U.S. stock futures fell in cautious trade on Friday as investors awaited the monthly U.S. jobs report as oil retreated from recent gains to head for a weekly loss.
Dow futures were down 0.19% at 6:05 a.m. ET, falling alongside other major U.S. stock indices after a rally on Thursday as
worries receded. S&P 500 futures fell 0.31%, while the tech-heavy Nasdaq lost 0.48%.
The June nonfarm payrolls report released later today will give investors a clearer picture of the slowdown in the overheated US labor market.
Analysts said a good month of hiring would be tough for the
to ignore and could give it the impetus it needs to redouble its inflation-fighting plan if wage pressures start to fade.
“It will probably be a double-edged sword for investors,” said Sophie Lund-Yates, equity analyst at Hargreaves Lansdown. “While the data should show another round of strong hiring, which is inherently positive, it also paves the way for policymakers to raise interest rates even more aggressively.”
At the same time, a sluggish labor market could worry investors, who fear that the Fed’s monetary tightening could tip the US economy into a serious economic slowdown.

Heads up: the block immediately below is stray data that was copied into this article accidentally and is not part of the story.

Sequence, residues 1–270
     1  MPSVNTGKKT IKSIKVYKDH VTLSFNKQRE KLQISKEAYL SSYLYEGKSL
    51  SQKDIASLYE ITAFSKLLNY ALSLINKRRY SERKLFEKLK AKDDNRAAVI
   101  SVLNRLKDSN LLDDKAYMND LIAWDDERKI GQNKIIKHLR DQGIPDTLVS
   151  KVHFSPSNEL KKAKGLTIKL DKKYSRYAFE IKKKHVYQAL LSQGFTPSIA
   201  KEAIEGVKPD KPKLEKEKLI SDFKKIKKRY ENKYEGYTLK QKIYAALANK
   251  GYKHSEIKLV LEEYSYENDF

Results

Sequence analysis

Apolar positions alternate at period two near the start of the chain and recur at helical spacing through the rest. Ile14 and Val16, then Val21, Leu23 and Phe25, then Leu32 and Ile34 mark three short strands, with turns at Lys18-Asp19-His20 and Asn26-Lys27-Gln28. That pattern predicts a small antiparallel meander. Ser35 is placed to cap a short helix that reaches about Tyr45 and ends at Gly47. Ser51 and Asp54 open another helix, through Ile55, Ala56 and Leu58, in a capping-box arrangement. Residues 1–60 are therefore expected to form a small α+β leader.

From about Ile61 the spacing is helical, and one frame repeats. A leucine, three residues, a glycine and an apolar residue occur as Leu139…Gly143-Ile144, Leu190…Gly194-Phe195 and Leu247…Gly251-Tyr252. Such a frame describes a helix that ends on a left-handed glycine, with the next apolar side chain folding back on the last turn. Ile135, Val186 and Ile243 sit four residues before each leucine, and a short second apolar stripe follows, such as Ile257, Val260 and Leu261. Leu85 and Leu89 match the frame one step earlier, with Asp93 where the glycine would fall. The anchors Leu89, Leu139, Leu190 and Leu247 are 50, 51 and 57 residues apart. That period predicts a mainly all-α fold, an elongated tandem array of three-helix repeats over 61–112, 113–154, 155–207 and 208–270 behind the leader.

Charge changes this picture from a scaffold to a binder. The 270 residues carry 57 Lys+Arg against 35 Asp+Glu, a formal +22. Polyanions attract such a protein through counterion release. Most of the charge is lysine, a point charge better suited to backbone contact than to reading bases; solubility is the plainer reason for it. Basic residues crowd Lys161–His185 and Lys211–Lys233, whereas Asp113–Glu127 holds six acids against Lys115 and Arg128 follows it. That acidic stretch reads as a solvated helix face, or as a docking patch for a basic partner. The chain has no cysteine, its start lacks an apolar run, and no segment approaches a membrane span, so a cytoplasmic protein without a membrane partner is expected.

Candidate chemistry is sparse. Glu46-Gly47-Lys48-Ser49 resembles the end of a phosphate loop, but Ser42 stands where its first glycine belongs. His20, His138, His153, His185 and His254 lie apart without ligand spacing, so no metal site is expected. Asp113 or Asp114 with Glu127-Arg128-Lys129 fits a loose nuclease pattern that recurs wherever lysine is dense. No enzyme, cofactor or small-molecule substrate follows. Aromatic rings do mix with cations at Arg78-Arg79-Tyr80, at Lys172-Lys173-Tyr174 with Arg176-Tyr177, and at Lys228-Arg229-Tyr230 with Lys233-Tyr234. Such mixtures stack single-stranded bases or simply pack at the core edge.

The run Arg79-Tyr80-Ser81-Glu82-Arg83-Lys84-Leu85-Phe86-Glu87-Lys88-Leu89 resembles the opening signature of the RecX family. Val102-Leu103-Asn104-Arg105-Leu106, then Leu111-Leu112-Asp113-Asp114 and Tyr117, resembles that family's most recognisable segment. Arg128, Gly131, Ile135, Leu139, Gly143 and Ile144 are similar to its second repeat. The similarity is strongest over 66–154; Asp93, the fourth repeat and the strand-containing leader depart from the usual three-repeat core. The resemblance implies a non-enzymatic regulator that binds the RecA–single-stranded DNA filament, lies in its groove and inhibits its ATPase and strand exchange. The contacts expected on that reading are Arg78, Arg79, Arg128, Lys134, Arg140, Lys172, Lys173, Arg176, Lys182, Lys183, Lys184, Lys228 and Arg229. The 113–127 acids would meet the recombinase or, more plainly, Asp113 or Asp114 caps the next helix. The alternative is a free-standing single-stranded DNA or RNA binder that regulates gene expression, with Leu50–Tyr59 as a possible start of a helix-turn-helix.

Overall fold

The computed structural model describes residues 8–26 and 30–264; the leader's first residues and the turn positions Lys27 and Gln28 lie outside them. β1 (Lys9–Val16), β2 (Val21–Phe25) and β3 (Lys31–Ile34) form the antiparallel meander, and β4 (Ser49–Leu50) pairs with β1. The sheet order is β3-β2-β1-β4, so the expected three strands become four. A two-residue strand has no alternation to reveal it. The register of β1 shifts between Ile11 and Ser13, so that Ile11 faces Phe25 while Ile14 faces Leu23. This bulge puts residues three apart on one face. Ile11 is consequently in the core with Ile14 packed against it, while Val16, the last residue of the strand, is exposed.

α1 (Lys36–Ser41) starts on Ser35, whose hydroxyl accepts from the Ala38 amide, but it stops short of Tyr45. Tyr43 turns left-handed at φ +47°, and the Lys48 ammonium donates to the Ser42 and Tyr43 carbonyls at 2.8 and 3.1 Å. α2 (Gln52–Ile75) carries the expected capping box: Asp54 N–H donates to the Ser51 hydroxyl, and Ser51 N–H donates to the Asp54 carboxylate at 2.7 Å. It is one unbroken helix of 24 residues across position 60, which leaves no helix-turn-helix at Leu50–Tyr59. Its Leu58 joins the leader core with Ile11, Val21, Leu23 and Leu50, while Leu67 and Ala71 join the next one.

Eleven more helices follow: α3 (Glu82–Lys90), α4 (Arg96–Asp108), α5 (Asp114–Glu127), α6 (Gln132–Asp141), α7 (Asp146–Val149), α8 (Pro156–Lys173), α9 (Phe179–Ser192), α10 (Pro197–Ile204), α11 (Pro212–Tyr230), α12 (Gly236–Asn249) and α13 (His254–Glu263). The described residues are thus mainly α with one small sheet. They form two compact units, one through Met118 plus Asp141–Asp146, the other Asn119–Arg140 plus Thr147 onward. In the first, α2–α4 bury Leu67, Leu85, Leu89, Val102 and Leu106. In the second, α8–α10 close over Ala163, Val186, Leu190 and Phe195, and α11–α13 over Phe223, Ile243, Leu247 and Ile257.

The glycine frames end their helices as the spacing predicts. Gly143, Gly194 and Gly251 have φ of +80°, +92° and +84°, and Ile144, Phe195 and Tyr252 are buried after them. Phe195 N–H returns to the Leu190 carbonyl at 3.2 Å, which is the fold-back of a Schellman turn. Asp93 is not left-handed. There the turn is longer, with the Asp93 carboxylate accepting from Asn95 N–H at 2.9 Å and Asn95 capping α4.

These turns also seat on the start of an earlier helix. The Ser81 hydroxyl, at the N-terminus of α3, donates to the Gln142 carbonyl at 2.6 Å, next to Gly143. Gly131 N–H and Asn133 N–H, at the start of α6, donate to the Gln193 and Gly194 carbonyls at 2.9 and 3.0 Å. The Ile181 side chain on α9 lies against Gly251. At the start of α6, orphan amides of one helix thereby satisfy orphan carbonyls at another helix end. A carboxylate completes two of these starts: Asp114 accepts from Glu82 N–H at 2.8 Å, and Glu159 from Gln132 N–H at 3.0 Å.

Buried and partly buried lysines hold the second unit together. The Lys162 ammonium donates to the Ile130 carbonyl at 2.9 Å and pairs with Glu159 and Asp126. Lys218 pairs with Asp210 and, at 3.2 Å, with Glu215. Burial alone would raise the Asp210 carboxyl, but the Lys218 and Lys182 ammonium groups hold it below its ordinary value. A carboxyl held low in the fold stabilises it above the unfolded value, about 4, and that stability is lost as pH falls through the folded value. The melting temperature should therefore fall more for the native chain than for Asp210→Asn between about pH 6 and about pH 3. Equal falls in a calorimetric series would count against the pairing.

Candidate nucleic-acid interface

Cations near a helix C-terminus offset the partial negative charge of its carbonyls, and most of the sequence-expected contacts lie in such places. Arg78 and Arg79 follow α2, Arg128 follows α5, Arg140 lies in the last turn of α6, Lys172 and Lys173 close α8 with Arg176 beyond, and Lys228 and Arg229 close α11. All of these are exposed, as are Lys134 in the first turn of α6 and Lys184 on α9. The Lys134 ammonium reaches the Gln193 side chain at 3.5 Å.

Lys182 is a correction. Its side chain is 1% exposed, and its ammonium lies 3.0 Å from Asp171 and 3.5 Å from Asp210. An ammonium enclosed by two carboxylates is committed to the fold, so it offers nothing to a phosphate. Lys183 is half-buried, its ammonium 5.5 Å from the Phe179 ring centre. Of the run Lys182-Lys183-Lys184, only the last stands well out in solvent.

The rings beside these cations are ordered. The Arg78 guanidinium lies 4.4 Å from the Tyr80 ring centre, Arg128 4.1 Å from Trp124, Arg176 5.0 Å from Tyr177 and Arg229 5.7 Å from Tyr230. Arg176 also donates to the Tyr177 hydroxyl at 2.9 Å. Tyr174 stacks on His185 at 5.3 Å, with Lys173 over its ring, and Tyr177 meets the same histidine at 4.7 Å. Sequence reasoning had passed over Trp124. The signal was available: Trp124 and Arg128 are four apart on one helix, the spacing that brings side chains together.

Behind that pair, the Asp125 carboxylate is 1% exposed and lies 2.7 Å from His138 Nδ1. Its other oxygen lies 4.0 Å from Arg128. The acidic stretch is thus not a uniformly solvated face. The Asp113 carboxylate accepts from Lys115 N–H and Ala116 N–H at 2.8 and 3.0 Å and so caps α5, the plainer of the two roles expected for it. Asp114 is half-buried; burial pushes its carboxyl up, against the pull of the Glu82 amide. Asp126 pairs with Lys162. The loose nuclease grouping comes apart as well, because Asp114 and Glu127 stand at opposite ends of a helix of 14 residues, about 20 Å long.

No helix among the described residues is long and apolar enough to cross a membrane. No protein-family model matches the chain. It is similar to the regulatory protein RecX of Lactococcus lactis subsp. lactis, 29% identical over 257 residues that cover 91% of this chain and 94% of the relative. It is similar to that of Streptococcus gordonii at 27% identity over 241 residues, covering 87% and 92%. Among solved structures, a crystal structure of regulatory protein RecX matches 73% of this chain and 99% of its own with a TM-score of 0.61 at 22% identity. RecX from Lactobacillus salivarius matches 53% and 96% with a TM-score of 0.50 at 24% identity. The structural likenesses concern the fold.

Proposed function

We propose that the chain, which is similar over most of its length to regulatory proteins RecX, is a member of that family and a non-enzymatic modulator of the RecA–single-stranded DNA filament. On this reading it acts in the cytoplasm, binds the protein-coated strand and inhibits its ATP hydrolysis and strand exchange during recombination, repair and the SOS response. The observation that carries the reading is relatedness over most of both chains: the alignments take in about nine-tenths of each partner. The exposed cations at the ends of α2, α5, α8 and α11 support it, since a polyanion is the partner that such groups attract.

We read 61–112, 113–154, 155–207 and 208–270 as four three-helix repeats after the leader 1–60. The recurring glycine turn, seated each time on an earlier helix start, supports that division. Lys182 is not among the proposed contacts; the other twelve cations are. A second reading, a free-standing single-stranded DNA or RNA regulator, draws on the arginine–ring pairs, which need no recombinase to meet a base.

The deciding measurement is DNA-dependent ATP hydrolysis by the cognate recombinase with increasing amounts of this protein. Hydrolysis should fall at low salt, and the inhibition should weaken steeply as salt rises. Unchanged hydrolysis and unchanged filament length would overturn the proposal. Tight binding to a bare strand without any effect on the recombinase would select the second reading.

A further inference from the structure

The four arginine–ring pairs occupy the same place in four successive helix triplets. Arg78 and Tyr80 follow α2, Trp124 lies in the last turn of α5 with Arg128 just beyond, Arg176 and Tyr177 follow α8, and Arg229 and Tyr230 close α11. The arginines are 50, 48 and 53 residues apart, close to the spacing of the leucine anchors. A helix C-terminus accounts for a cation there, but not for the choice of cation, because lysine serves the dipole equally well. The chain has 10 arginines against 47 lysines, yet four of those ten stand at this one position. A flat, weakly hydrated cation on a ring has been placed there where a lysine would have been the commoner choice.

“The payrolls are ahead of us today and given that we think it will be difficult to call a real recession until employment cracks, these are important events,” said Jim Reid, strategist at Deutsche Bank, in a note.
Elsewhere, Europe’s pancontinental Stoxx 600 index struggled for direction, last down 0.05% ahead of a speech by European Central Bank President Christine Lagarde. The CAC 40 in Paris fell 0.25%, while the DAX 40 in Frankfurt rose 0.10%.
Meanwhile, London’s FTSE 100 fell 0.19% amid speculation over the UK’s next leader following the resignation of Boris Johnson.
In Asia, the Shanghai Composite fell 0.25%, but Hong Kong’s Hang Seng closed up 0.38% after reports that China is seeking to boost spending by allowing local governments to borrow $220 billion more this year.
Meanwhile, Tokyo’s Nikkei 225 closed 0.10% higher as the shooting of late former Japanese Prime Minister Shinzo Abe sent shockwaves through markets.
Oil prices slipped in bumpy trade on Friday after rebounding above $100 on Thursday. Futures on U.S. and global benchmarks are heading for a weekly loss as concerns about demand – driven by the prospect of a recession and China’s ongoing “COVID-zero” restrictions – have it outweighed concerns about tight supply.
US benchmark WTI crude was down 0.34% at $102.33 a barrel, while Brent crude was down 0.14% at $104.50 a barrel.
Here’s how the other major asset classes are performing: